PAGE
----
Apple Inc. is an American multinational technology company that specializes in consumer electronics, software and online services. Apple is the largest information technology company by revenue (totaling US$365.8 billion in 2021) and, as of January 2021, it is the world’s most valuable company, the fourth-largest personal computer vendor by unit sales and second-largest mobile phone manufacturer. It is one of the Big Five American information technologycompanies, alongside Alphabet (Google), Amazon, Meta (Facebook), and Microsoft.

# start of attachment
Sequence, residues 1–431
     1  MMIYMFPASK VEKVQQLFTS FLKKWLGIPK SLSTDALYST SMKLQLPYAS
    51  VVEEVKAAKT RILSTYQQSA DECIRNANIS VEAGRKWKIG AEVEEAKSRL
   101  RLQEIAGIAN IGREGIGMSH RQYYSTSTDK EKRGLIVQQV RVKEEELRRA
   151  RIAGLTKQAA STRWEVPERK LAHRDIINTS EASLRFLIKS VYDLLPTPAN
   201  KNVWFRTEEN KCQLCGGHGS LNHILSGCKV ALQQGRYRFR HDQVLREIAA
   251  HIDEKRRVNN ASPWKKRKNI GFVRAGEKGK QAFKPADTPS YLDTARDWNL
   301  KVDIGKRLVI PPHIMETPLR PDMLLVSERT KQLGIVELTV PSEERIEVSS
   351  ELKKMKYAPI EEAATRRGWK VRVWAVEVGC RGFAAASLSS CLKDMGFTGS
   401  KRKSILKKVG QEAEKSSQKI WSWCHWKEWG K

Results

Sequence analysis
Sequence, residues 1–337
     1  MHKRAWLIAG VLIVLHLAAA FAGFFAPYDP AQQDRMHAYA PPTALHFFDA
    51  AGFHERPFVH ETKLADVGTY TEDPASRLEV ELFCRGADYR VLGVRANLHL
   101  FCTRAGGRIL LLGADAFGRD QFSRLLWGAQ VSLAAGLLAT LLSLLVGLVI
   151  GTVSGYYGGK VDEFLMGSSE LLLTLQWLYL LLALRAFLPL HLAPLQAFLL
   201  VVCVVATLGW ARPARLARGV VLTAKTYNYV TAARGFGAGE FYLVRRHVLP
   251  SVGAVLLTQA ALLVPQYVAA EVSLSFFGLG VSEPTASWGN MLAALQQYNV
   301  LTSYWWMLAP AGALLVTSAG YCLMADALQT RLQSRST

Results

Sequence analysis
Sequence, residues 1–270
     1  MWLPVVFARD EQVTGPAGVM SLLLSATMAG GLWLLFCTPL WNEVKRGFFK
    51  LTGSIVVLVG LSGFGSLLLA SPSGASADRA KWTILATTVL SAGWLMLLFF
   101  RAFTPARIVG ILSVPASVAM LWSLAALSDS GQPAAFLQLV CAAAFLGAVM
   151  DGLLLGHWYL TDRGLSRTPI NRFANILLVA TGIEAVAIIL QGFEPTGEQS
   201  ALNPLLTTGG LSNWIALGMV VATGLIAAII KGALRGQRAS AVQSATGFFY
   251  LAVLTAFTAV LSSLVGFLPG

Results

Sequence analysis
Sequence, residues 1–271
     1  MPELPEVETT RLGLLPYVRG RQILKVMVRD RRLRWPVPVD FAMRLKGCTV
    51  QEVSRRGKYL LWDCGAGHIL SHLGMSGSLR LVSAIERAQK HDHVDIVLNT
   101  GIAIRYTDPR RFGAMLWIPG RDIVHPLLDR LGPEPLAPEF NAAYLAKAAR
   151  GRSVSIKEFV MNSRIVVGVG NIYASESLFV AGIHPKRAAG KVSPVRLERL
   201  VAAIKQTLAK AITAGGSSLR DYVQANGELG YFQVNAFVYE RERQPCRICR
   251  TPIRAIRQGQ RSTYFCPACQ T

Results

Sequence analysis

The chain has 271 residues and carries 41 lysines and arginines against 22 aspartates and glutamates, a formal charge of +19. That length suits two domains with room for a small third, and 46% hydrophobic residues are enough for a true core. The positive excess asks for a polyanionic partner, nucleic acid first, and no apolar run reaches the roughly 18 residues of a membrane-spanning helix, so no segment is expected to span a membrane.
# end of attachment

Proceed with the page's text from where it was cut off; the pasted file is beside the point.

Apple was founded as Apple Computer Company on April 1, 1976, by Steve Jobs, Steve Wozniak and Ronald Wayne to develop and sell Wozniak’s Apple I personal computer. It was incorporated by Jobs and Wozniak as Apple Computer, Inc. in 1977 and the company’s next computer, the Apple II became a best seller. Apple went public in 1980, to instant financial success. The company went onto develop new computers featuring innovative graphical user interfaces, including the original Macintosh, announced in a critically acclaimed advertisement, “1984”, directed by Ridley Scott. By 1985, the high cost of its products and power struggles between executives caused problems. Wozniak stepped back from Apple amicably, while Jobs resigned to found NeXT, taking some Apple employees with him.